ANNUAL CLIMATOLOGICAL SUMMARY
FT. SNELLING MN
Beginning 1 January 1841, Ft. Snelling temperature observations were taken daily at or about local sunrise, 1400 hours local solar time: at or about local sunset; and at or about 2100 hours local solar time. Wind and sky cover observations, however, continued to be taken twice daily, probably at or about sunrise and at or about local sunset (or, alternatively, at or about 1400 hours local solar time). Quantitative precipitation observations were taken daily throughout 1841, using a conical rain gauge of the type designed in the early 1830's by Simeon DeWitt, chancellor of the New York university system. Like records from previous years, the 1841 record also includes intermittent records of snowfall and/or snow cover; episodic records of phenological, hydrological, astronomical and/or other natural events (windstorms, prairie fires, etc.); descriptive entries indicating the general duration (and, in some instances, the intensity) of precipitation; precipitation type ; and special atmospheric phenomena (fog, smoke, etc.). So far as can be determined, all 1841 observations were taken within the Ft. Snelling enclosure (on the bluffs overlooking the confluence of the Mississippi and Minnesota rivers) .
The foregoing 1841 temperature record includes both unadjusted (UNADJ) and adjusted (ADJ) mean temperatures. Unadjusted values are the simple averages of fixed time readings taken daily at sunrise, 1400, sunset and 2100 hours . Adjusted averages are from Charles J. Fisk's 1984 "Reconstruction of Daily 1820-1872 Minneapolis-St. Paul Temperature Observations". These values were obtained by averaging statistically derived estimates of the daily maxima and minima that would have been recorded had the Ft. Snelling station been equipped with self-registering thermometers read and re-set at midnight . The foregoing 1841 record also includes both the monthly and annual extreme temperatures (highest daily minimum, lowest minimum, etc.) estimated by Fisk and the monthly extremes actually recorded/observed (OBSRV) by fort observers. All 1841 temperature distributions (e.g. days 90 F or higher, 32 F or lower, etc.) are based on Fisk's estimates of daily maxima and minima.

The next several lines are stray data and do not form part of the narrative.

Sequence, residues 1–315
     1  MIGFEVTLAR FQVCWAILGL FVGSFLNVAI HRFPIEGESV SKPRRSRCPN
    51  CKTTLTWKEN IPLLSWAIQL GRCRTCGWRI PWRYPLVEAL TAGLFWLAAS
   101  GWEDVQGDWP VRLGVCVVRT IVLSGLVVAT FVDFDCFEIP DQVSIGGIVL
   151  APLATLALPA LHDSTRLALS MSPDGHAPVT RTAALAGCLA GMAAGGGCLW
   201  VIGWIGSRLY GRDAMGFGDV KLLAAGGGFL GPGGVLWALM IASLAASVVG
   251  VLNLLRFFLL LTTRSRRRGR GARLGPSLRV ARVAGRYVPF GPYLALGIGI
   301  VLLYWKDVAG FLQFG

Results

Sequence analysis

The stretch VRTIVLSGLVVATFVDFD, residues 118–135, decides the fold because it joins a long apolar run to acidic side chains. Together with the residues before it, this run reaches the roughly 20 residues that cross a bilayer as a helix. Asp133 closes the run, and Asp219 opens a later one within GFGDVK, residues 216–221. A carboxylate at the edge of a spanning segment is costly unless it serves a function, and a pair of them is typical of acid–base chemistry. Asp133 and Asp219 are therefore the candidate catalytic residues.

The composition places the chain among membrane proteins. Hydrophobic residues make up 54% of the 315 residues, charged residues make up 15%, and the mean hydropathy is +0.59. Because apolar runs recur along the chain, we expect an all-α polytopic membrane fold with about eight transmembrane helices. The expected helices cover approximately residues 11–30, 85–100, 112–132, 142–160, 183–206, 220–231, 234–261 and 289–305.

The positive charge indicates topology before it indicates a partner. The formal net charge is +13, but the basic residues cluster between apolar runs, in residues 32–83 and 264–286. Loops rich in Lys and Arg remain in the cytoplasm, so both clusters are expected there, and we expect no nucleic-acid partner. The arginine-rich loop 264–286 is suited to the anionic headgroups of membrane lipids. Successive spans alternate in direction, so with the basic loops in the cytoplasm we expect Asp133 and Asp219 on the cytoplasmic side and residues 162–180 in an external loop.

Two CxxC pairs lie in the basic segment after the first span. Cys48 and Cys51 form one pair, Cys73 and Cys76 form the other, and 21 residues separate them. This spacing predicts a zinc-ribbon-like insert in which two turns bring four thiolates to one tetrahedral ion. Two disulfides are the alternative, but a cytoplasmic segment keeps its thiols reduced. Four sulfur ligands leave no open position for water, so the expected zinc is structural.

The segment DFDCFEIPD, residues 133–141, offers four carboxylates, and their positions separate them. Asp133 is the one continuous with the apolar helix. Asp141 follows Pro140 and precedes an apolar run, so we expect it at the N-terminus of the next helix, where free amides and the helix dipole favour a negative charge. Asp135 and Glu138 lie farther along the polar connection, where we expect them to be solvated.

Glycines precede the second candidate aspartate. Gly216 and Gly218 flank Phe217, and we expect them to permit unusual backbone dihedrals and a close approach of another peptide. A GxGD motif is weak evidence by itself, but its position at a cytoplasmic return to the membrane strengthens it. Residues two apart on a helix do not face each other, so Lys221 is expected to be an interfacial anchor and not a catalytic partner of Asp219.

The foregoing precipitation frequency record (e.g. number of days with snow, etc.) is from quantitative precipitation records kept by Ft. Snelling observers during a 1841 (a record which, however, is supplemented by descriptive remarks in the station's monthly meteorological register) . Because the original 1841 record contains no quantitative snowfall data, the foregoing monthly snowfall values are estimates (obtained in most instances from National Weather Service meltwater-snowfall conversion tables). Prevailing monthly wind values are based on entries indicating the direction of the wind as recorded by station observers on the morning and afternoon/evening of each day during 1841. Prevailing monthly winds indicate the direction most frequently observed/recorded during any given month. Sky cover distributions are based on observations taken twice daily during 1841 : fair days are those with "fair" conditions noted at both observations; cloudy days are those with "cloudy" conditions noted at both observations; and "mixed" days are those with fair conditions noted at one observation and cloudy conditions noted at one observation.